“Will you submit your actions and words to the decision of the Church?”

“My words and deeds are all in God’s Hands: in all, I wait upon Him. I assure you, I would say or do nothing against the Christian Faith: in case I have done or said anything which might be on my soul and which the clergy could say was contrary to the Christian Faith established by Our Lord, I would not maintain it, and would put it away.”

“Are you not willing to submit yourself in this to the order of the Church?”

“I will answer you nothing more about it now. Send me a cleric on Saturday; and, if you do not wish to come yourself, I will answer him upon this, with God’s help; and it shall be put in writing.”

“When your Voices come, do you make obeisance to them as to a Saint?”

“Yes; and if perchance I have not done so, I have afterwards asked of them grace and pardon. I should not know how to do them such great reverence as belongs to them, for I believe firmly they are Saint Catherine and Saint Margaret. I believe the same of Saint Michael.”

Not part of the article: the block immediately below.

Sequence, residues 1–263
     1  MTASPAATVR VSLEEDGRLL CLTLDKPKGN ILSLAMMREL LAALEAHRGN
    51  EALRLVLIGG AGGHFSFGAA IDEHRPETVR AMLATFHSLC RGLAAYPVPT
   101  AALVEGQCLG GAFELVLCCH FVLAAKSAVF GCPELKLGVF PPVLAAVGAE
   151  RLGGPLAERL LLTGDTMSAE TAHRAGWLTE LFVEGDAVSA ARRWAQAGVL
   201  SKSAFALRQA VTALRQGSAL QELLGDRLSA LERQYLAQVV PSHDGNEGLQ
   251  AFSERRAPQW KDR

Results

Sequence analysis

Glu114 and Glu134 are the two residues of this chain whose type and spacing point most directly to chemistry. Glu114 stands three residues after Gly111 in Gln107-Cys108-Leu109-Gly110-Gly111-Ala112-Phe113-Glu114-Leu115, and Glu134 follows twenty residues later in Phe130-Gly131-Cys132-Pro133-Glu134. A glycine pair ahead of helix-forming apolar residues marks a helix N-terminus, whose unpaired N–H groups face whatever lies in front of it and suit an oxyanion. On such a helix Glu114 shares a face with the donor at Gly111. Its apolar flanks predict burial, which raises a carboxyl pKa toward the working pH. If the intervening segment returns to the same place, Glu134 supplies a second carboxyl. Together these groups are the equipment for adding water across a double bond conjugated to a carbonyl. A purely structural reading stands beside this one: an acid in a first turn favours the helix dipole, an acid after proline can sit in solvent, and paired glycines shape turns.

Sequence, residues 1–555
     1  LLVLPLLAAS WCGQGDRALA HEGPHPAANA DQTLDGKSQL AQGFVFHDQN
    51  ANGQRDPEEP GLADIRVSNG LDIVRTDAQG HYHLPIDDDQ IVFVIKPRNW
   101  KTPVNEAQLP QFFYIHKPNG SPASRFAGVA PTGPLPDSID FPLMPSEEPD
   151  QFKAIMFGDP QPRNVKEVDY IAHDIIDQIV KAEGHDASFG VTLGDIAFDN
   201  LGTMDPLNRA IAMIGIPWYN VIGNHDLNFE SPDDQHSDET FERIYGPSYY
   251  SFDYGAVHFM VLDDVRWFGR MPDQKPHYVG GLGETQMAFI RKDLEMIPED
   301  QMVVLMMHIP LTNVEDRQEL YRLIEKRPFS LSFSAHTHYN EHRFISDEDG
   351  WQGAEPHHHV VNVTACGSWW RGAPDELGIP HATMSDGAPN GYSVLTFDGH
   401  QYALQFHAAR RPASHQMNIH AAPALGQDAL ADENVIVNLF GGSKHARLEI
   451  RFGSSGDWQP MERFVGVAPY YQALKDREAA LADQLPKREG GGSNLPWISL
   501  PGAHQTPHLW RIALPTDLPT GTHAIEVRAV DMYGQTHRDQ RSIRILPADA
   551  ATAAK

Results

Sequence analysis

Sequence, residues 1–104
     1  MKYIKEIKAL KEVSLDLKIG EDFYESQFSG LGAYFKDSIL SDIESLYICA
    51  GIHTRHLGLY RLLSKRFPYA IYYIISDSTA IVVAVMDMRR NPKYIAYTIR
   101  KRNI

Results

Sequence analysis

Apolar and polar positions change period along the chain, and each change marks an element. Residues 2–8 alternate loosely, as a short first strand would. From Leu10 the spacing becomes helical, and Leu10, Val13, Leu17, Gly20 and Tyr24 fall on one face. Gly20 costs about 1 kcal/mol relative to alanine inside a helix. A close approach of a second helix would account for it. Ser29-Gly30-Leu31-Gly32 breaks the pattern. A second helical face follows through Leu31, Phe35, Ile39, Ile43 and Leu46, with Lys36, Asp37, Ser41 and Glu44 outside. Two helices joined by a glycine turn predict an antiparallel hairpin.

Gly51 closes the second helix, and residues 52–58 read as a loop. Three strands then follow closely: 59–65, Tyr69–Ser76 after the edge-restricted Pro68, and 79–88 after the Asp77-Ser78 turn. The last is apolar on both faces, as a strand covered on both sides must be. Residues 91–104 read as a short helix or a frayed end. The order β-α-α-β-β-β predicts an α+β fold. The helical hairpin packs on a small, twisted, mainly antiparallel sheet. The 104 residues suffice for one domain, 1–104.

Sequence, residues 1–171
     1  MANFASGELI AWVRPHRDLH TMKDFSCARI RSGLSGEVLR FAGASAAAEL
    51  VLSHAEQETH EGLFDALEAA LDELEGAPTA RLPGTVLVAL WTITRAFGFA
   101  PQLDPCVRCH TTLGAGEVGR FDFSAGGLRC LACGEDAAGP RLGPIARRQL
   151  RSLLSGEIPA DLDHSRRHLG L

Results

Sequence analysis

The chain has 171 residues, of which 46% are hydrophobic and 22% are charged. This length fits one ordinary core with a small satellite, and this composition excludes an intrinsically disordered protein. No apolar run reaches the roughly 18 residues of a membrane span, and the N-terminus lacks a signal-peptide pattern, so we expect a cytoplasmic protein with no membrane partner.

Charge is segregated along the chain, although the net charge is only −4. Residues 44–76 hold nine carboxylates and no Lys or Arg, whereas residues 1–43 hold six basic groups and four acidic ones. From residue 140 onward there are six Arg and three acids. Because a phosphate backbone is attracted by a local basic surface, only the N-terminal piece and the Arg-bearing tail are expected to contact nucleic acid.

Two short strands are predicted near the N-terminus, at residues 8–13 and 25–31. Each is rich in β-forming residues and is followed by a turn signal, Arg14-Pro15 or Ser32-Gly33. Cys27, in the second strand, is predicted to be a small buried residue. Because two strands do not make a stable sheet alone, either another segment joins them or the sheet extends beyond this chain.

“For those who are Saints of Paradise, offerings are voluntarily made of candles, etc.: have you never made an offering of lighted candles, or other things, to the Saints who come to you, in the Church or elsewhere, or had Masses said?”

“No, unless it be in the offering of the Mass, in the hands of the Priest, in honor of Saint Catherine, one of the Saints who appeared to me. I have never lighted as many candles as I wish to Saint Catherine and Saint Margaret, who are in Paradise; and I firmly believe it is they who come to me.”

“When you place lights before the image of Saint Catherine, do you place them in honor of the one who appears to you?”

“I do it in honor of God, of Our Lady, and of Saint Catherine who is in Heaven, and of her who appears to me.”

“Do you place these lights in honor of Saint Catherine, who has shown herself to you, who has appeared to you ?”

“Yes, I make no difference between the one who has appeared to me, and the one who is in heaven.” (5)….(In the Minute: “et ne fait point de defference ae celle qui est au ciel et celle qui se appert a moi.”)